It’s the 10th annual Prospect Insider Seattle Mariners prospect rankings. A few things you should know before continuing:
- Ceiling/potential value is only part of the equation. Probability, among other things, also is a significant factor.
- The player’s likely future role can dictate his value as much as his chances to get to the majors or his upside.
- While I do not crawl into each organization’s farm systems with a microscope, I did have numerous conversations about where the weakest Mariners system in some time fits in baseball right now. Keith Law and Baseball America have Seattle at No. 28. While I don’t necessarily disagree, I do like the Mariners system better than five others; Angels, Marlins, Tigers, Orioles and White Sox.
- I value upside more than simple depth, and if the ‘depth’ in question carries more risk than anything else, it’s not really depth.
- I greatly value the reliable information I can gather on a player’s offseason training habits and how he handles himself between games during the season.
- Simply put, the same bat at a premium position is more valuable. The position tree: catcher, shortstop, second base, center field, third base, right field, left field, first base.
- Pitcher prospects carrying the high probability of late-inning relief work are not typically as valuable as potential starters, even if they’re chances of getting to the majors are greater, and/or they are closer to the big leagues. A potential setup man or closer with a 2016 ETA, however, may very well be more valuable than a high-risk, medium reward starter who is four-plus years away.
- The potential for superstardom, all-stardom and average everyday contributions far outweighs a high probability fringe regular. The whole point of a farm system is to avoid free agency as much as possible to maintain great financial flexibility to supplement a good club and make them World Series contenders. Fringe-regular talents are a dime a dozen. The lone possible exceptions are catchers, in which a case-by-case basis will be utilized.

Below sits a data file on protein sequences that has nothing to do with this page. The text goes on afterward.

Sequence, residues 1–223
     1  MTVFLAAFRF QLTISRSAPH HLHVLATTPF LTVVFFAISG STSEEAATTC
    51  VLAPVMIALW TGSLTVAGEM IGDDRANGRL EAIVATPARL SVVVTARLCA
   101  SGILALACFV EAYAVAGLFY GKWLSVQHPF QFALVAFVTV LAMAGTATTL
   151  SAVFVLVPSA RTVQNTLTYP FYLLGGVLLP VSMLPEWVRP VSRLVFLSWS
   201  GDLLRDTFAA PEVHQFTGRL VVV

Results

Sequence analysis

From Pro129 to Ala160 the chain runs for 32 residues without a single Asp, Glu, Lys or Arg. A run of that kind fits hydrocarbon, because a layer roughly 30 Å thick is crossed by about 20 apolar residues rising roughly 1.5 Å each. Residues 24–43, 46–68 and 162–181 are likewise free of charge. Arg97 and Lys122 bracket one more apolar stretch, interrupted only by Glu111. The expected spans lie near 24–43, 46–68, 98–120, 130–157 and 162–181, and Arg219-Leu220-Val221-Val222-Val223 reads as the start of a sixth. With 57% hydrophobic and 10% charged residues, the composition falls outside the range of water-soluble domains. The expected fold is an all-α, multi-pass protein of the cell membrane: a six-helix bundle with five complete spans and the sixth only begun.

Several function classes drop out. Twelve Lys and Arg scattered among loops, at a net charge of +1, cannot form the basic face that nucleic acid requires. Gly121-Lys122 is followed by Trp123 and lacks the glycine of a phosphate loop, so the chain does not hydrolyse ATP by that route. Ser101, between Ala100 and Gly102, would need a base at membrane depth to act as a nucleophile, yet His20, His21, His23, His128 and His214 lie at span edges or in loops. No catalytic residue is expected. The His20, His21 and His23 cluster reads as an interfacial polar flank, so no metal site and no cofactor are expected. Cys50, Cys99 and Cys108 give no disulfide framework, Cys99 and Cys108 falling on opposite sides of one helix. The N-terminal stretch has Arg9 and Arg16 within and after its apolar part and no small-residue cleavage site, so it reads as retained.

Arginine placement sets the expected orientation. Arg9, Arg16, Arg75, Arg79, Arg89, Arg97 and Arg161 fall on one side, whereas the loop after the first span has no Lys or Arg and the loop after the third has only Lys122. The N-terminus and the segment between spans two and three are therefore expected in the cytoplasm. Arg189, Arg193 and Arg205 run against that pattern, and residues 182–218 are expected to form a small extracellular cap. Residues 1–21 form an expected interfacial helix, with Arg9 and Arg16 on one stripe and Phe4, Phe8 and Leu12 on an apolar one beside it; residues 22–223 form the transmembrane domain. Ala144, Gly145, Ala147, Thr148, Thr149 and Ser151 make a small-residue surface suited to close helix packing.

- It’s important to keep in mind that organizational rankings or individual rankings are no guarantee of anything whatsoever. For example, go check out Baseball America’s org rankings. They also display that club’s ranking the past five years. Many of the top 10 ranked systems from 2011 and 2012 did absolutely nothing toward winning. The Braves ranked No. 2 in 2011, haven’t done squat with that group and now are rebuilding. Colorado ranked No. 10 — they haven’t been any good for years. Same with the Reds, who ranked No. 6 in 2011 and No. 7 in 2012. The Rays have actually gotten worse since ranking No. 3 in 2011 and No. 4 in 2013. This isn’t to say BA is bad at rankings — FTR, Keith Law is far and away the best in the business of talent evaluation in all facets, individual and team — it’s simply proof that good farm systems only mean something if the front office knows how to get the talents developed and knows how to use the good, solid farm system. Kansas City is a great example of that. The New York Yankees, No. 5 in 2011, No. 6 in 2012, are not.
- Below are the Top 25 prospects in the Seattle Mariners organization. Take note that there are two grades listed for each tool. The first is present showing, the second is ceiling. It is NOT the most likely outcome.
- Click on the player’s name for scouting report and tools grades.
- Luis Rengifo, 2B
Switch hitter, pounds fastballs, solid hands and arm.
- Luis Liberato, CF
Possesses solid tools that show average in games. Lacks instincts at plate, in field.
- Adrian Sampson, RHP
Low three-quarters slot, 89-93 mph fastball, average mid-80 slider, firm changeup. Fits well in relief role.
- Marcus Littlewood, C
Converted shortstop; on track for a chance at big-league defense. Bat still inconsistent but shows patience.
- Juan De Paula, RHP